Self-blame, insecurity, depression, codependency, helplessness… There has to be something wrong with me. Right?

I learned from a young age that I had to work through life by sacrifice. It does not matter who you are; if you are not useful, not capable of giving all of you to someone else, you will be worth nothing. Now imagine a 10-year-old disabled boy trying to live up to that standard. How should he feel if even when he does his best to reach it, he cannot avoid relying on other people? Not useless, not like a burden; nobody should ever feel like a burden. Oh, but I did. I still do, sometimes.

However, there is another side to the story. I have always found a way to thrive against the odds. According to the doctors, I should have never walked again after being stranded in a wheelchair; and here I am, having beaten the chair after six years confined to it. I thought I would never defeat the suicidal thoughts, the depression. I thought I would never feel useful. I got to thrive while I had my brain in “survival mode”; I can only imagine how much I would be today if I had found the key sooner: self-love. I will never know what could have been of me, but I am definitely in control of what I will be from now on.

It was hard for me to deal with the constant let-downs of life.

Well, I told myself that it was life. Life is supposed to be cruel, hopeless, unfair. I needed to believe that the source of my pain was out of my reach, that it was natural to feel it, and I had to go through it to fully experience life. But that kind of pain that swallows all of your energy and makes you consider if maybe the world would be a better place without you, that does not feel natural. Life should not make you feel dead. Not long ago, I realized I had chosen to believe that so I did not have to face the fact that the people I loved the most were tearing me down.

Until then, I always lived driven by survival mode. It feels like being depersonalized and becoming a representation of your most basic instincts. I am sure all of you have ever felt like that, be it in a good or bad situation. It was somehow exciting, but empty; fair, but cruel. You live every day in a grey zone, you submerge yourself into constant relative thinking, and life starts to make sense. It was exhausting.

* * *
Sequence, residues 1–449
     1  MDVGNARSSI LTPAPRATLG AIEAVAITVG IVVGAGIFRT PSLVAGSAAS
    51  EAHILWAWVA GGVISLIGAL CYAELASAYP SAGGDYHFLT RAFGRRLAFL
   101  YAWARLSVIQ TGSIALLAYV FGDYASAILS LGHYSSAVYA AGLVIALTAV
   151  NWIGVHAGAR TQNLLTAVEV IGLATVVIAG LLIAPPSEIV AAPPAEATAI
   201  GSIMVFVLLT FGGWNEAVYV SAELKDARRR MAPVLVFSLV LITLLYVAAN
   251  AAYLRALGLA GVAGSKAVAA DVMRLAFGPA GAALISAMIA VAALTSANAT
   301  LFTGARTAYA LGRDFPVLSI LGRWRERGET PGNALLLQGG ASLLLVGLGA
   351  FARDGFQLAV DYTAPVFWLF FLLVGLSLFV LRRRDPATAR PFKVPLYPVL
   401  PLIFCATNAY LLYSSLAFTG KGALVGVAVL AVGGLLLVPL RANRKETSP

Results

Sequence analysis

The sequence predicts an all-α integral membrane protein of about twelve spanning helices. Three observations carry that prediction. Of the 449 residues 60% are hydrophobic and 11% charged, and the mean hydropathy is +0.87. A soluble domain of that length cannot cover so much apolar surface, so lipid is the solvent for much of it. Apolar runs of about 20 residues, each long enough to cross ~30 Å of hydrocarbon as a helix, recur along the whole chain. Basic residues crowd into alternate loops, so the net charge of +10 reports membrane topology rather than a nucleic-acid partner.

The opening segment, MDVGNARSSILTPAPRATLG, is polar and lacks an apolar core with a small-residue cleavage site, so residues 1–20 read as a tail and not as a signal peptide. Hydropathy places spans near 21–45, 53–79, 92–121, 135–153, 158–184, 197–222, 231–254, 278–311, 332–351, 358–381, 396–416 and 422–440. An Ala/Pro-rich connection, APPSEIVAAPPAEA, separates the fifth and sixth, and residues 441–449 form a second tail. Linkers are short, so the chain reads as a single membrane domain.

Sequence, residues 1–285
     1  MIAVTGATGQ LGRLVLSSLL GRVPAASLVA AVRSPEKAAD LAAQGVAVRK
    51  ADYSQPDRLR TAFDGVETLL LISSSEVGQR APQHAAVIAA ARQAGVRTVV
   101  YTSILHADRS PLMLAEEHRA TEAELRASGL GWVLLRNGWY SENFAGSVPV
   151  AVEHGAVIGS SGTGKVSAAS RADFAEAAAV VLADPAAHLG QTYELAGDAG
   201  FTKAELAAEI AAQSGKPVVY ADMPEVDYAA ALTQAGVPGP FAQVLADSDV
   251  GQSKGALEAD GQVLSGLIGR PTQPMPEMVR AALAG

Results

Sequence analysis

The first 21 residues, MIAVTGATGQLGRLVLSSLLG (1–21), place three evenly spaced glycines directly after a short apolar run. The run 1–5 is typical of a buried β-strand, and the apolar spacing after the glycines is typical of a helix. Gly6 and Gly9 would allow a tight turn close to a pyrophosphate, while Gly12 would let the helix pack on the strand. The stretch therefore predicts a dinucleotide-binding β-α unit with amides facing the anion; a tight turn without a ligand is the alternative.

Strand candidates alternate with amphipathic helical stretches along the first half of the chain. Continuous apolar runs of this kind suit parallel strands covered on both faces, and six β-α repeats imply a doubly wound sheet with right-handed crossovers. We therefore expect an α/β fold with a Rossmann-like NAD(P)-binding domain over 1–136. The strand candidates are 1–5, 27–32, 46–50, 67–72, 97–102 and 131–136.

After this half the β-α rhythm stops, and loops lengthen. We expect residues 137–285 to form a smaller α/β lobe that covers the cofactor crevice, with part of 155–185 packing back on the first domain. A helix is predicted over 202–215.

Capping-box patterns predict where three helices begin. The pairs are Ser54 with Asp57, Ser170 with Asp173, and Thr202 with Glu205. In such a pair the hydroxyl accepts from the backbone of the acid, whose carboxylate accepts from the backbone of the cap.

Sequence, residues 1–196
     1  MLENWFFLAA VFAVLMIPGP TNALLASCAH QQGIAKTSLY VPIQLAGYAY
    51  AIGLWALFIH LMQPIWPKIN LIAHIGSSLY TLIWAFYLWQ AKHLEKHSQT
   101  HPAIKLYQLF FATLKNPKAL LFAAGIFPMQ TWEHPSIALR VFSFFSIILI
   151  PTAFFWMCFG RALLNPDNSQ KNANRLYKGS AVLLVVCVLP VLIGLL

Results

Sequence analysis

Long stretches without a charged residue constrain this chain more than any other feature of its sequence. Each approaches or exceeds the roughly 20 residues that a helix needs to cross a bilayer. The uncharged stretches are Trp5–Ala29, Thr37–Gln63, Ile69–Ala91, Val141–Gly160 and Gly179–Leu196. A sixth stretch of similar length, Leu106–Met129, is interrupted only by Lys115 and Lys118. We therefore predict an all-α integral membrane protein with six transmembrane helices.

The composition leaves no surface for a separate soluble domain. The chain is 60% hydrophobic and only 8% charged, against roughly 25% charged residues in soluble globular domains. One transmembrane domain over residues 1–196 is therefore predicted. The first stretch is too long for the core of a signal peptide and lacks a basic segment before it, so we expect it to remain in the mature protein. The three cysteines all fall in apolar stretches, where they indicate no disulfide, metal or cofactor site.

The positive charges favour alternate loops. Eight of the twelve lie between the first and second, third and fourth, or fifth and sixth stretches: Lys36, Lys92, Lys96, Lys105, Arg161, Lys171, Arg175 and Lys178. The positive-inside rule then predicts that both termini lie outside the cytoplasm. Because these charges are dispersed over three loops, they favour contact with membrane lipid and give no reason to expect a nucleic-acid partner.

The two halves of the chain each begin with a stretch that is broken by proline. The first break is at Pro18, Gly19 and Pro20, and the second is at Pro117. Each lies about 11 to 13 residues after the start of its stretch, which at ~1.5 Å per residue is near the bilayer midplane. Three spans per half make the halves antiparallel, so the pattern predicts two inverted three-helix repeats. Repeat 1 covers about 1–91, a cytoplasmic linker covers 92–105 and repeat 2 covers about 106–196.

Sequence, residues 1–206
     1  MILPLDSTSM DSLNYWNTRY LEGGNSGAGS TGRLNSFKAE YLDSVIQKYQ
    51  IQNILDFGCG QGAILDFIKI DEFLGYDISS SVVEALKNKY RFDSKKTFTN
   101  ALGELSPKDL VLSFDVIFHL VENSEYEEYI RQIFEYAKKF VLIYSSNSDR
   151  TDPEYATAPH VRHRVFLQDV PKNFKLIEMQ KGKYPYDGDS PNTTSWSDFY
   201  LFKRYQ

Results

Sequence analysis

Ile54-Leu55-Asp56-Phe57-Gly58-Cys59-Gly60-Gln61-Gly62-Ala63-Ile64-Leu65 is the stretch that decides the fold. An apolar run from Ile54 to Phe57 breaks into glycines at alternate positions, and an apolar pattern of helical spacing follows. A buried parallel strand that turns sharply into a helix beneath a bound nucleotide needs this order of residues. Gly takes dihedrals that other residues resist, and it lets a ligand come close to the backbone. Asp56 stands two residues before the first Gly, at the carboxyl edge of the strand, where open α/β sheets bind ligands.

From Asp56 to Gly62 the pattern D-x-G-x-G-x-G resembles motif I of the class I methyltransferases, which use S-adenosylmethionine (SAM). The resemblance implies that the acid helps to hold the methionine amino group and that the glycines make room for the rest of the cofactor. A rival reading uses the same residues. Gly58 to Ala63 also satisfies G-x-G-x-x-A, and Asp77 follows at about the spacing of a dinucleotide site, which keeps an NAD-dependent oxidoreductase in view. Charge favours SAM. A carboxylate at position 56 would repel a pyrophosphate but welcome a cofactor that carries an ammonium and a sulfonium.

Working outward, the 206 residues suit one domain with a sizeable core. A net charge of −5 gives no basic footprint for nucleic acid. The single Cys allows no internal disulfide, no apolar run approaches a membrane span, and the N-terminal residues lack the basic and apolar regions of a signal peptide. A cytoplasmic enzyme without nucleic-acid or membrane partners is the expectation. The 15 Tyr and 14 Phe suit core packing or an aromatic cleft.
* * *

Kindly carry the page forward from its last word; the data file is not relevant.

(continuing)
With exhaustion came the revelation that I may have been living up to a false standard.


Once you get to the limit, you either choose to fight or give up. I have always preferred the former, and this time would not be different. This is how I finally started to face my greatest challenge: to accept that I deserve to be loved. Unconditional love, the kind of love I had been giving all my life. If I was able to provide it, why would I not deserve to receive it?

I learned how to treat myself better, to raise my self-esteem on my own. It does not mean to put me above the rest; it means lifting myself to the same level where I put everybody I love. I also learned about what healthy unconditional love is about; how to love someone while being able to protect yourself from codependency. Such a simple theory that costs so much to put into practice. It may be the hardest thing somebody has to face after having been mistreated, but the effort is absolutely worth it. Not only did it help me to be healthy in love, but it has also made me appreciate more all the people that have always been there for me. People that I deeply regret to have pushed aside so I could focus on caring for those who hurt me the most. Imagine how damaging focusing on loving an abusive person is that it feels strange now to have somebody treating me right.

“We will always struggle, but it is the choice to keep fighting that makes us who we are”.

That kind of love leaves scars, none that may ever fully heal. But that is not something to be afraid of; it reminds you that you went through that battle and survived to speak about it. You should be proud of those scars; they mean you had the ability to love, to be good, even during your hardest times. And even though you may sometimes fall into the old way of thinking that brought you so much pain, you should see that as an opportunity to show yourself how much you have grown. Those are nothing but small challenges you have to face to stay on the right path.

Some things will always be rooted in ourselves. I sometimes go back into thinking that I am useless and not worthy of being loved. While some years ago that would have led me to a depressive episode, now I only have to remind me that I will always be useful to myself to get rid of any depressive thought. I want to start this new year by telling myself what I have been waiting for so long to hear: I am who I have always wanted to be.

If there is anything that life (well, Star Wars, to be honest) has taught me is that I should never lose hope.


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